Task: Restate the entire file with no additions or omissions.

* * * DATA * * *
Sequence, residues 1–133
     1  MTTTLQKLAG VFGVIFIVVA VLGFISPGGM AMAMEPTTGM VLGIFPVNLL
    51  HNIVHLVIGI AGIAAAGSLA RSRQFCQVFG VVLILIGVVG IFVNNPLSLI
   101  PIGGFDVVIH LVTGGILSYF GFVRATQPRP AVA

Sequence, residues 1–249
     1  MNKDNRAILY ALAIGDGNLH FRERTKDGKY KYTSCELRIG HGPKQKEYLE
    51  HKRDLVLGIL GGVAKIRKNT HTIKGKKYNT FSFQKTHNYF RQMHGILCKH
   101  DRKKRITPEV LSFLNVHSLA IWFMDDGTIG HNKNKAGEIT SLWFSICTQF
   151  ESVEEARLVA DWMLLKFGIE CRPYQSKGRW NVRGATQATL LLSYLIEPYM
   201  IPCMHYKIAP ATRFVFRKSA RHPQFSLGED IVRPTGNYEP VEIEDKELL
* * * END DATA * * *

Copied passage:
Sequence, residues 1–133
     1  MTTTLQKLAG VFGVIFIVVA VLGFISPGGM AMAMEPTTGM VLGIFPVNLL
    51  HNIVHLVIGI AGIAAAGSLA RSRQFCQVFG VVLILIGVVG IFVNNPLSLI
   101  PIGGFDVVIH LVTGGILSYF GFVRATQPRP AVA

Sequence, residues 1–249
     1  MNKDNRAILY ALAIGDGNLH FRERTKDGKY KYTSCELRIG HGPKQKEYLE
    51  HKRDLVLGIL GGVAKIRKNT HTIKGKKYNT FSFQKTHNYF RQMHGILCKH
   101  DRKKRITPEV LSFLNVHSLA IWFMDDGTIG HNKNKAGEIT SLWFSICTQF
   151  ESVEEARLVA DWMLLKFGIE CRPYQSKGRW NVRGATQATL LLSYLIEPYM
   201  IPCMHYKIAP ATRFVFRKSA RHPQFSLGED IVRPTGNYEP VEIEDKELL